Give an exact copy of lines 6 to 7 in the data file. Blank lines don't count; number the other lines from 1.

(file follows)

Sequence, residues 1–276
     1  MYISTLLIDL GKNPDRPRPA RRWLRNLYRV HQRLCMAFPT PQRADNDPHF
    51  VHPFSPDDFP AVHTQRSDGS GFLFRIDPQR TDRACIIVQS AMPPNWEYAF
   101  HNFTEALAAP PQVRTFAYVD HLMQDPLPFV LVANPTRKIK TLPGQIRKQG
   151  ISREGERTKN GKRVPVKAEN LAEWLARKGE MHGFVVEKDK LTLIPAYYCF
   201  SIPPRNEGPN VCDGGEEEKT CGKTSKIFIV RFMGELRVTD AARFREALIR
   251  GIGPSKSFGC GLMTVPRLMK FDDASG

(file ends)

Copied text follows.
   201  SIPPRNEGPN VCDGGEEEKT CGKTSKIFIV RFMGELRVTD AARFREALIR
   251  GIGPSKSFGC GLMTVPRLMK FDDASG